Happy Valentine’s Day, y’all! On a loving note, here are a couple of V-Day links I’ve scored up via Twitter:
- Politico: Power couples recall the first spark. There are some truly cute stories in here!
- 10,000 Words: Happy V-Day: Valentines for journalists.
- 10,000 Words: 30 must-have gifts for journalists.
As a visual journalist, I’m especially a fan of this one from the second link:
Things that I’ve been doing over the past few days (some of which are still works in progress):
- Working on my application for the Washington Program. I’ll be turning it in on Monday.
- Not checking Twitter for almost three days. This is due mostly to an economics exam (Money, Banking and Financial Institutions), about which I do not feel good about. The worst part is, this class is not required for my degree: I’m taking it purely out of my own interest in the current economic recession and want to learn background on it.
- Consolidating all my reading schedules for four classes into one document.
- Scanning film taken last weekend. I’ll be posting the best photos here, later this weekend.
On the side, I’ve been reading a lot about the journalism industry. I think the Time cover story by Walter Isaacson has fueled a lot of discussion, some of which I’ve been reading via links on Twitter. The variety of responses is stark. One of the most poignant and personal is this: NYU’s paper published a piece by its former editor-in-chief, who begins the feature with “I want someone to tell me I will be unemployed if I stay in journalism.” It’s a good but frightening read.
Other articles/pieces I’ve read regarding our industry, somewhat in response to the Time cover story and definitely in response to the economic crisis facing the media:
- The New York Times: Let’s Invent an iTunes for News — Just what it sounds like.
- The Big Money: Micro Economics: Why Steve Jobs and micropayments won’t save the media — A critical response to Isaacson’s article.
- The Washington Post: As Mainstream Exits D.C., Niche Media Tide Rises — A look at how the diminishing presence of mainstream, national media could mean the reduction of the watchdog role.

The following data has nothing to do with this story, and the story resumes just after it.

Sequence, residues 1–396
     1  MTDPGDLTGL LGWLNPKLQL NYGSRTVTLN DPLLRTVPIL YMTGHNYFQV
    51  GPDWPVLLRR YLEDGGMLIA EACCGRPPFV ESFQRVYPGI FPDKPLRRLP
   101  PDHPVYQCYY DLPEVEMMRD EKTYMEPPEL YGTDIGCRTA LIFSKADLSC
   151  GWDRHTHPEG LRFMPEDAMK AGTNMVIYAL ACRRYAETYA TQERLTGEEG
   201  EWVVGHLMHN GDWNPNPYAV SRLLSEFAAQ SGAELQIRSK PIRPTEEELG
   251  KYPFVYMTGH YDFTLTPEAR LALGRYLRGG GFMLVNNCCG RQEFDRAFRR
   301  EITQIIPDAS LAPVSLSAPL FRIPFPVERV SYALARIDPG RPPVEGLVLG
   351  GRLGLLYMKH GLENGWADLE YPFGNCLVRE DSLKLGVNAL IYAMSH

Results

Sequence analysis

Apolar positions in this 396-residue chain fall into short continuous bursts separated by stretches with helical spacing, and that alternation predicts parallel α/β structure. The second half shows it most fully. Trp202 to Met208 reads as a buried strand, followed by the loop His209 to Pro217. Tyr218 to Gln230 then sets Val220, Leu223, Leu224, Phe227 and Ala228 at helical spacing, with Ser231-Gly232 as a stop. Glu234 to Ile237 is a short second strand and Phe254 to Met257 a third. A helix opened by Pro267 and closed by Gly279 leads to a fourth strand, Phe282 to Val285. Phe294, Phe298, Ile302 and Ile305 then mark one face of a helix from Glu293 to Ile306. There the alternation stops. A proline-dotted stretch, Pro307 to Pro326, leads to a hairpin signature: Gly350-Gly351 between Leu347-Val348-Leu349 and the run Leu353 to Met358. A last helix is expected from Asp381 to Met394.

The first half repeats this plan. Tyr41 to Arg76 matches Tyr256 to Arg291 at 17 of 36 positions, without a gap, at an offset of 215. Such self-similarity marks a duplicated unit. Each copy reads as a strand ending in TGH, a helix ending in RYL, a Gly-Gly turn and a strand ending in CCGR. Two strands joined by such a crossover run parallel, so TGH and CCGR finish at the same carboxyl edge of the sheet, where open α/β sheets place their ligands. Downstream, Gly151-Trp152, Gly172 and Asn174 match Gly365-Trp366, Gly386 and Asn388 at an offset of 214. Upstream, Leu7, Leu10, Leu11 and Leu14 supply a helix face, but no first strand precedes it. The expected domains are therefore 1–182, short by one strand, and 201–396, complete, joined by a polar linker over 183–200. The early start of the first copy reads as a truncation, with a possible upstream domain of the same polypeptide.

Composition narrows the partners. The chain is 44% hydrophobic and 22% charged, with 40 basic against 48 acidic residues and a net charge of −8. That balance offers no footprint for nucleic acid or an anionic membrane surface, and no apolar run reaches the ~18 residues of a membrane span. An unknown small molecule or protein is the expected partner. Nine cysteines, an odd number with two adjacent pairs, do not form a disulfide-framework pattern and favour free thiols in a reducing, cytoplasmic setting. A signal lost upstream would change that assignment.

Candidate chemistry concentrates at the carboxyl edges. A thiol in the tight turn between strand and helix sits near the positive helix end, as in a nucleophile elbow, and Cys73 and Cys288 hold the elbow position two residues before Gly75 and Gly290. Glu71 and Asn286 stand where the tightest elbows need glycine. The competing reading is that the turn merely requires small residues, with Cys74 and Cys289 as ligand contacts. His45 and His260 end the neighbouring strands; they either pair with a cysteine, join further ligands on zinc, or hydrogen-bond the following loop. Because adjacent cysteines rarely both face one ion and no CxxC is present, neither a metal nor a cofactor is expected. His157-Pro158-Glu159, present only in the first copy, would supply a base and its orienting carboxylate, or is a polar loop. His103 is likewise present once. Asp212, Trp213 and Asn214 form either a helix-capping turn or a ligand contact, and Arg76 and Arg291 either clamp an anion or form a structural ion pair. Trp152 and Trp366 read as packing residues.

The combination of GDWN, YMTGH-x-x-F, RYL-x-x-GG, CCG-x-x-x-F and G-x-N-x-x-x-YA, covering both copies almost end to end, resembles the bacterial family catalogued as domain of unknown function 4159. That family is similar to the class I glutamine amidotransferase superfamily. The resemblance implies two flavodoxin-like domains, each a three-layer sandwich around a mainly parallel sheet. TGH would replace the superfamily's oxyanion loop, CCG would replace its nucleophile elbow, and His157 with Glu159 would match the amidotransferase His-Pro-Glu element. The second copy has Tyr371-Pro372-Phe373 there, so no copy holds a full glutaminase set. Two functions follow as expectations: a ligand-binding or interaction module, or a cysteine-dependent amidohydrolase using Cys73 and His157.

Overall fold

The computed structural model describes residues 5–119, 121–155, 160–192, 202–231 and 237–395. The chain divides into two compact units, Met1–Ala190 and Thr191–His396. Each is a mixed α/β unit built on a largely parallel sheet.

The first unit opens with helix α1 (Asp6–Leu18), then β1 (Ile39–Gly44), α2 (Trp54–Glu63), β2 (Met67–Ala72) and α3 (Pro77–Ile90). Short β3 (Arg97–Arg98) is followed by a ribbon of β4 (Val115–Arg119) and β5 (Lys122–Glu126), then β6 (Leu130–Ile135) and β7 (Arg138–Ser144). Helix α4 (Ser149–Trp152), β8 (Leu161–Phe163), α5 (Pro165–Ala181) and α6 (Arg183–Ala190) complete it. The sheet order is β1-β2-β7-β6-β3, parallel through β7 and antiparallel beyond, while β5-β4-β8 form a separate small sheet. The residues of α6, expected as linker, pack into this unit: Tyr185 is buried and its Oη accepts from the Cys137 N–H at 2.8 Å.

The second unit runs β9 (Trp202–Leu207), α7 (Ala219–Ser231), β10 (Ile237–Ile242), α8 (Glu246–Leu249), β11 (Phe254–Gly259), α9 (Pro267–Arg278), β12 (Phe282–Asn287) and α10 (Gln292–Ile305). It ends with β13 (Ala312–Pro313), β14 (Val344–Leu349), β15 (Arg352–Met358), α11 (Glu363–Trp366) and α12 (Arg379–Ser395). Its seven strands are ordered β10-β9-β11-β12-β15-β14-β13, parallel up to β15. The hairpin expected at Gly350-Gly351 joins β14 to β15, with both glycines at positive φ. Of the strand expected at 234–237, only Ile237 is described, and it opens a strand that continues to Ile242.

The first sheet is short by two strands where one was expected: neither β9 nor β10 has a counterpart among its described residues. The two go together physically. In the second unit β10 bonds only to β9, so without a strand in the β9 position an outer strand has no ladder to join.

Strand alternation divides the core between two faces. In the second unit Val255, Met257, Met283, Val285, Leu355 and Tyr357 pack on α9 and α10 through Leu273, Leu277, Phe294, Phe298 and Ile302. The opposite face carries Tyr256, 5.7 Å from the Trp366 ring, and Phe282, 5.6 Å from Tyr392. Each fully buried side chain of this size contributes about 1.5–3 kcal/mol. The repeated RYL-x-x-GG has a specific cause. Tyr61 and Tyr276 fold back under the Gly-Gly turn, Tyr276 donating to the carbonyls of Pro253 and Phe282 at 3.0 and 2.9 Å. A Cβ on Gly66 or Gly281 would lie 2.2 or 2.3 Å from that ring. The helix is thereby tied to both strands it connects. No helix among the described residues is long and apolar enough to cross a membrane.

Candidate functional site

- The New York Times: Battle Plans for Newspapers (blog) — Eight media leaders discuss the profession’s future.
- JProf: The demise of newspapers means better journalism — An argument that the new tide of journalism will revamp the industry with better writing, better reporting and more respect for the audience.
- Poynter: Read the “Future of Newspapers” transcript from Charlie Rose’s show. — Guests on the show are Isaacson, WSJ managing editor Robert Thomson and publisher Mort Zuckerman (New York Daily News and U.S. News & World Report).
- Communication Leadership & Policy Blog: Watchdog journalism: Hardly a newspaper afterthought. — An acknowledgement that while newspapers are not the only medium that can carry out effective investigative journalism, “if newspapers couldn’t do it anymore, the void would be very deep.”
- MEDIA NOTES blog: Ed Roussel and the post-recession news media. — The Telegraph’s digital editor says newspapers will survive “by employing more ‘premium’ writers who give the organisation a brand, while getting the majority of its news content from agencies such as PA, Reuters and AP.”
- MEDIA NOTES blog: Ed Roussel and Charlie Beckett: a response. — A follow-up to the previous link. Beckett agrees with Roussel: “Newspapers need reporters, experts in their field, to provide insight, analysis and, to an extent, grace and style, to what makes up the bulk of their product.”
I’ve at least skimmed all of these, and still have more reading to do — that is, a dozen or so articles about the federal economic stimulus package. Now that it’s passed and on its way to Obama’s desk, I’m hoping that next week in Jefferson City will be far busier and more productive than the past two weeks have been. I feel like everyone from the legislators to the budget officers have been waiting for some closure on the stimulus package before pressing forward with their own agendas.
And on that note, I’m going to continue with my “to do” list for the weekend and hopefully have some scanned film posted by tomorrow afternoon! Happy Valentine’s Day, everyone!